“Plot provided courtesy of Jonathan Vigh, Colorado State University. For more information about this graphic, click here.”

THIS IS A TIME-SENSITIVE POST

FROM SEPTEMBER 22, 2008

Dr. Jeff Masters of http://www.wunderground.com/tropical/ reports flash floods and mudslides in Puerto Rico from the tropical disturbance in their vicinity.  Please check it out.  His weather blog is excellent.  You will find it on the right side of the page.

The models are all over the place today.  The GDFL model has been, in my opinion, the best performer over the last couple of years at least.  Please disregard the CLP5 model and the XTRP model.  They are no-skill models that do have a useful purpose but they are not meant to convey an actual forecast.  One day I may write about those models to explain their function but if you are bugged by it and can’t wait, I suggest a Google search.

Please visit the rest of this web-log at https://cloudman23.wordpress.com/.  If you are interested in weather, there are some tutorial items scattered about and more will be added in time.  At the end of this page there is a cue to click to the previous page or the next page.

CARIBBEAN SYSTEM HAS MEDIUM POTENTIAL FOR FURTHER DEVELOPMENT.

TWO LEFT CLICKS WILL ENLARGE IMAGES A GREAT DEAL

According to the National Hurricane Center, the tropical wave in the Caribbean has a medium potential for tropical cyclone development.  For those of you who don’t understand that here is a brief explanation.

In order for a system to be cyclonic there must be a rotation of the wind around a low pressure center.  Presently there is no indication of a closed rotation in this otherwise impressive system.  A tropical wave (also called a tropical disturbance) becomes a tropical depression if rotation begins.  Ordinarily the rotation itself signals a maturing (growth) of the system.  Once rotation begins, the conservation of angular momentum kicks in such that as the wind spirals closer and closer to the center its velocity increases.  Tropical depressions can intensify into tropical storms (39-73 mph) and the latter can intensify into hurricanes (74 or more mph).  Here is the formal statement from the Hurricane Center:

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TROPICAL WEATHER OUTLOOK

NWS TPC/NATIONAL HURRICANE CENTER MIAMI FL

800 PM EDT SAT SEP 20 2008

FOR THE NORTH ATLANTIC…CARIBBEAN SEA AND THE GULF OF MEXICO…

1. A TROPICAL WAVE…ACCOMPANIED BY A SURFACE LOW PRESSURE SYSTEM OVER THE NORTHEASTERN CARIBBEAN SEA…IS PRODUCING WIDESPREAD CLOUDINESS AND SHOWERS OVER THE LESSER ANTILLES…AND ADJACENT CARIBBEAN AND ATLANTIC WATERS.  THIS SYSTEM IS SHOWING SIGNS OF ORGANIZATION…AND UPPER-LEVEL WINDS ARE EXPECTED TO BECOME A LITTLE MORE FAVORABLE

FOR DEVELOPMENT OVER THE NEXT COUPLE OF DAYS.  A TROPICAL

DEPRESSION COULD FORM DURING THIS TIME AS THE SYSTEM MOVES SLOWLY NORTHWESTWARD.  AN AIR FORCE RESERVE UNIT RECONNAISSANCE AIRCRAFT IS SCHEDULED TO INVESTIGATE THE SYSTEM ON SUNDAY…IF NECESSARY.  REGARDLESS OF DEVELOPMENT…LOCALLY HEAVY RAINFALL AND STRONG GUSTY WINDS WILL AFFECT MUCH OF THE LESSER ANTILLES…THE VIRGIN ISLANDS AND PUERTO RICO THROUGH SUNDAY.

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On the infrared satellite image above from the U.S. Naval Research Lab, I have marked two islands that don’t need any more precipitation for a while due to recent tropical systems having dumped heavy (and deadly) loads upon them.  Flooding and mudslides are likely if this disturbance moves as expected, over the islands.  For the same reasons, Cuba also stands a risk of increased problems.

Please visit the rest of this web-log at https://cloudman23.wordpress.com/.  If you are interested in weather, there are some tutorials scattered about and more will be added in time.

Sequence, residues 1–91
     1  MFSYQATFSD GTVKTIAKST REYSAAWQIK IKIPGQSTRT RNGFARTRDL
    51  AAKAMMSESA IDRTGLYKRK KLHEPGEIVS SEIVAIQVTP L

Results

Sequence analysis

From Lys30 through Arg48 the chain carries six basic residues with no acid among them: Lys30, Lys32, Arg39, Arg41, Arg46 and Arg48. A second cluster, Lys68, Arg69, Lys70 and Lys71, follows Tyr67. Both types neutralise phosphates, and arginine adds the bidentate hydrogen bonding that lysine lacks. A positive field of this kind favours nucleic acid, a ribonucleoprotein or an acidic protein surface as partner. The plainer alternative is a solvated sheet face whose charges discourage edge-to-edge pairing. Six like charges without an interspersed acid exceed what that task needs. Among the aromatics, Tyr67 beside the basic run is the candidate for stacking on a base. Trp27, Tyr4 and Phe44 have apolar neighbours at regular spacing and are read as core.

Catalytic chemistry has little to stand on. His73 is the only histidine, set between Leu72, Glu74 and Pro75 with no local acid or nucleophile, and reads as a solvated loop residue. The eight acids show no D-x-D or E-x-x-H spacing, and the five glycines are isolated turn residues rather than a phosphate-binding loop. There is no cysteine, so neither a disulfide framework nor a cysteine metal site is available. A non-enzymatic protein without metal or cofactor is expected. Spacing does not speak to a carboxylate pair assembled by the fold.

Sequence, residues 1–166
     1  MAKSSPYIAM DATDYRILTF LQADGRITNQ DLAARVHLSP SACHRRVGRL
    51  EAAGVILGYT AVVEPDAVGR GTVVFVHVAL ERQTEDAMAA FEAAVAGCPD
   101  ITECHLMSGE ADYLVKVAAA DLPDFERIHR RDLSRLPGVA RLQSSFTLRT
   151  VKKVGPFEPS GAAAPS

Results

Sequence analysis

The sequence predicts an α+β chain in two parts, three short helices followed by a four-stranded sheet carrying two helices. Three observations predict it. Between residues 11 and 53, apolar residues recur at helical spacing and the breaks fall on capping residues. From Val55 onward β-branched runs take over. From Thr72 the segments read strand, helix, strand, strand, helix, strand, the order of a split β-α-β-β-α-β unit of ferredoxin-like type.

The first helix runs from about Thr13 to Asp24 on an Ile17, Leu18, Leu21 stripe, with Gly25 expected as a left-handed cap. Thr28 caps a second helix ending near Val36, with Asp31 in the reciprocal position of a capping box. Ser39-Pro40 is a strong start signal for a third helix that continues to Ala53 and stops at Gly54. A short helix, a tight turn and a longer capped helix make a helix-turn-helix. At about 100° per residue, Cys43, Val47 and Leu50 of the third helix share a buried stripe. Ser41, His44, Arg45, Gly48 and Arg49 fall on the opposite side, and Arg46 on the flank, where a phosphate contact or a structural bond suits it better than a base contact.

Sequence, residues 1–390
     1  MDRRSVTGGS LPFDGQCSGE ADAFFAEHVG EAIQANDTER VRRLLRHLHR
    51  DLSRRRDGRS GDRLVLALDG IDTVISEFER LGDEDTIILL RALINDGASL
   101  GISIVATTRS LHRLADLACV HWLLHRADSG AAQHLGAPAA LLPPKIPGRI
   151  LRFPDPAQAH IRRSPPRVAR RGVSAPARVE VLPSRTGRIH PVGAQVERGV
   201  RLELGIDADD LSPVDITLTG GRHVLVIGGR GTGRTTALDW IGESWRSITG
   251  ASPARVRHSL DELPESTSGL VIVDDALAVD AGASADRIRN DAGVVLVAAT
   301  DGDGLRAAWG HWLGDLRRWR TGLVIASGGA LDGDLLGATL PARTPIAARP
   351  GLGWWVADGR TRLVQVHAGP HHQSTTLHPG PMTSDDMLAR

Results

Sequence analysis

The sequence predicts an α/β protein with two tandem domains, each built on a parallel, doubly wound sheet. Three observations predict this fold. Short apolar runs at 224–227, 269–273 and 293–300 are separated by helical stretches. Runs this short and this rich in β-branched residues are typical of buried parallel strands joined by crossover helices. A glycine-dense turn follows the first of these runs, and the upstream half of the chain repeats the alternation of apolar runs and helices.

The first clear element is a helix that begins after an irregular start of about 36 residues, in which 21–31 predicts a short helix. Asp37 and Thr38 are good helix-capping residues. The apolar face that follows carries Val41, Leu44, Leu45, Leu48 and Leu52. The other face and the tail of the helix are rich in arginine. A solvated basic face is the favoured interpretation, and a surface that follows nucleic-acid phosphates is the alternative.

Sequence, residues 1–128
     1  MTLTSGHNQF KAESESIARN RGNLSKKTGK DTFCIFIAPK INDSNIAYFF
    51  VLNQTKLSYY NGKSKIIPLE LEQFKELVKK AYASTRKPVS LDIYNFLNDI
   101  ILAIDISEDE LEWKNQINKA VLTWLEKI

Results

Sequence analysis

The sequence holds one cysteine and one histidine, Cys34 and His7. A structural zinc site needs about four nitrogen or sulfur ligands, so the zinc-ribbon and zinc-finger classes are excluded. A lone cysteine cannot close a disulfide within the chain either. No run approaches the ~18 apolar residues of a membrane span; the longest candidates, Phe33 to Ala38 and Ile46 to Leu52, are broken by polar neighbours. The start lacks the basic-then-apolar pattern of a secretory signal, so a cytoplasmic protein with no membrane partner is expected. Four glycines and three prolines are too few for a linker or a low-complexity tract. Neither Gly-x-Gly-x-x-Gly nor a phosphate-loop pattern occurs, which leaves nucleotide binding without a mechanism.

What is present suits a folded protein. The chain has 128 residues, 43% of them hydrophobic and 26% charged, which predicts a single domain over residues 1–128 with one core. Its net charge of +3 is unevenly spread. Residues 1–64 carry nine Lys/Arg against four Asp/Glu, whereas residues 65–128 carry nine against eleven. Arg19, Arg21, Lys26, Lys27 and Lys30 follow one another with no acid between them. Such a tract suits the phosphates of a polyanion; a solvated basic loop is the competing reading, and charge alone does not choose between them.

Tropical Wave In Eastern Caribbean

“Plot below is provided courtesy of Jonathan Vigh, Colorado State University. For more information about the graphic, click here.”

FROM THE NATIONAL HURRICANE CENTER:
NWS TPC/NATIONAL HURRICANE CENTER MIAMI FL
800 AM EDT SAT SEP 20 2008

1. A WESTWARD-MOVING TROPICAL WAVE ACCOMPANIED BY A SURFACE LOW PRESSURE SYSTEM OVER THE EASTERN CARIBBEAN SEA IS PRODUCING WIDESPREAD CLOUDINESS AND SHOWERS OVER THE LESSER ANTILLES AND ADJACENT CARIBBEAN AND ATLANTIC WATERS.  THIS SYSTEM IS SHOWING SIGNS OF IMPROVED ORGANIZATION THIS MORNING AND UPPER-LEVEL WINDS ARE EXPECTED TO BECOME SOMEWHAT MORE FAVORABLE OVER THE NEXT COUPLE DAYS FOR SOME ADDITIONAL DEVELOPMENT TO OCCUR.

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Well, it’s time.  More tropical activity is inevitable. Yes – the official hurricane season for the northern hemisphere Atlantic, the Caribbean and the Gulf of Mexico is 6 months long. It begins on June 1.  That means that we must wait until the beginning of December in order to realize that at least officially, it’s over for another 6 months.  For many of us, it goes with the territory.  Environmental hazards and/or natural disasters are but a few things many of us must face, sooner or later.

I remember so clearly, after Andrew, how grateful I was and how often I expressed that gratitude.  I suspect that those closest to me got a bit tired of hearing the same old – same old out of me.  But I was (and am) sincere.  At least we were unhurt – at least we had good insurance – at least I could swing the cost of a travel trailer to put in the driveway while the house was being rebuilt, at least I had a job and, at that time, an understanding employer.  The paychecks did not stop, though absenteeism was high, we were told to take care of our personal matters first.  The length of that Autumn term at the college where I taught was shortened. I seriously doubt that my former employer would be so kind today – the management is far different now.

Whether it’s hurricanes, earthquakes, wild fires, mass wasting (e.g. landslide), tsunamis, floods, heat waves, etc., a multitude of hazards exist out there for we humans to contend with – some which we enhance because of the way we have altered our natural environment.  In time, I will no doubt speak of each of those and others in this web-log. However, I’m not well informed about (nor do I pretend to understand) what I perceive to be the most dangerous of hazards – namely – many, if not most, humans.  One need not study or observe too long or hard to learn that we can be our own worst enemies (individually and as a species).